The story of the Greeks at the festival who want to see Jesus (John 12:20-26) came up in the Daily Office Lectionary today. Jesus’ response always seemed like a bit of a non sequitur to me:
The time has come for the Human One to be glorified. I assure you that unless a grain of wheat falls into the earth and dies, it can only be a single seed. But if it dies, it bears much fruit. Those who love their lives will lose them, and those who hate their lives in this world will keep them forever. Whoever serves me must follow me. Wherever I am, there my servant will also be. My Father will honor whoever serves me.
What seems to be happening here, though, is that Jesus’ “celebrity factor” is growing. His miracles and direct challenge to the religious powers that be is gaining him a bit of fame far and wide. And now some Greeks are getting in on the action: “We’d like an audience with Jesus, please.”
Perhaps their motivations were sincere, like those who sought Jesus out for healing or provision. Perhaps their motivations were more along the lines of those who sought to trap him or use him to advance their own political agendas. We don’t really know.
But it seems that Jesus isn’t interested in leveraging his growing fame and popularity to consolidate more status and power among the people. Instead Jesus consistently moves in the opposite direction, because he knows that the glory the crowds seek to give him is fleeting and fickle. He also knows that the true “glory” he is entering into is bound up in his impending death.
So, in response to a new group of people wanting to see him, Jesus says, in essence, “You want to see me? You want to walk with me? You want to figure out what my deal is? You want to participate in my ‘glory’? Well, you can, but it looks very different than what you’re expecting. My ‘glory’ is to fall to the ground and be buried. My ‘glory’ is to turn away from a life of status-seeking and self-preservation. My ‘glory’ is to die (to produce much fruit).”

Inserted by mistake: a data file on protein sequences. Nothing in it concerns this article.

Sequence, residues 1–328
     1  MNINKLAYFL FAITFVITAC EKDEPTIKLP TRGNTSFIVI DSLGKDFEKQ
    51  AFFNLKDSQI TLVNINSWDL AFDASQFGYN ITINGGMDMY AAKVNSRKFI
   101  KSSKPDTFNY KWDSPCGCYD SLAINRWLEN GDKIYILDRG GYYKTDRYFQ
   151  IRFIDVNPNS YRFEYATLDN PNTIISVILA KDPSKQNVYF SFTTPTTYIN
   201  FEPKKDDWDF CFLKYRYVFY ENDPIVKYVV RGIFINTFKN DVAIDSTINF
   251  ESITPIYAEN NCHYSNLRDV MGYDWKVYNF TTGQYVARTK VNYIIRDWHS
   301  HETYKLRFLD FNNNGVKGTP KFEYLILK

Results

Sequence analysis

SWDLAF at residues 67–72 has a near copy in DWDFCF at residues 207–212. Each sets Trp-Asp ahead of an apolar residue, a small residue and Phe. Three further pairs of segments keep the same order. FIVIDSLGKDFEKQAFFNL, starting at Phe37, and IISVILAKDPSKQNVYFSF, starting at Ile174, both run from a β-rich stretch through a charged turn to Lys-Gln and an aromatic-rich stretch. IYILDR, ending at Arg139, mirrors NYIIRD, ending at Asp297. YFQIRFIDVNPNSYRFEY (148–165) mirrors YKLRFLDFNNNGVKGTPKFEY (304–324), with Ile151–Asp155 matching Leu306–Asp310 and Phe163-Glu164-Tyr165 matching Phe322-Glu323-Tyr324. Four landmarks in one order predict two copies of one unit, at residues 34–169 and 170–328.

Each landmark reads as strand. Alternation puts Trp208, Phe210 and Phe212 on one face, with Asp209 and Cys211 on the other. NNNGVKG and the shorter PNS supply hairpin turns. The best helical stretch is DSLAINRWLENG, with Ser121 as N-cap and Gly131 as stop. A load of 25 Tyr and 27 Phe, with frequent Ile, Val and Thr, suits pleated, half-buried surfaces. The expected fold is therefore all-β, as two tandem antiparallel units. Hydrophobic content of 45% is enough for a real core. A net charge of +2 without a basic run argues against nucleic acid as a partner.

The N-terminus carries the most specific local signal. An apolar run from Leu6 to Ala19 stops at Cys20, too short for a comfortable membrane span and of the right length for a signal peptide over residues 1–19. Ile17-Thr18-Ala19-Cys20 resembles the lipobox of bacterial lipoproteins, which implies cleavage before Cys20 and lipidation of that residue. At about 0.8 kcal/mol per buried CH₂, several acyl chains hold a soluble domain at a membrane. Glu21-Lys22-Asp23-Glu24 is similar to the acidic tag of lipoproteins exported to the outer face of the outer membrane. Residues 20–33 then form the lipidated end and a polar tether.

We’re invited to walk the path
Jesus is, of course, talking about his coming death. But notice that he doesn’t talk about it merely as a singular act he will do our on our behalf (though it is that). He also says, “Whoever serves me must follow me. Wherever I am, there my servant will also be.”
And so Jesus’ “non-answer” to the Greeks who wanted to see him is in fact an answer, and an invitation to them and us and everyone: if you want to see Jesus, walk the way of the cross.
This is our pattern as disciples of Jesus: we follow him where he goes.
We walk the way of the seed that goes into the ground (trusting that it is also the way of abundant fruit).
We make choices that seem insane from the perspective of the powers and principalities that order our world, as if we “hate” our lives (trusting that we are in fact investing in a new kind of life that can never die).
We walk the way of the cross, following Jesus to death, trusting it to be none other than the way of life and peace, a path of hidden glory the world cannot perceive.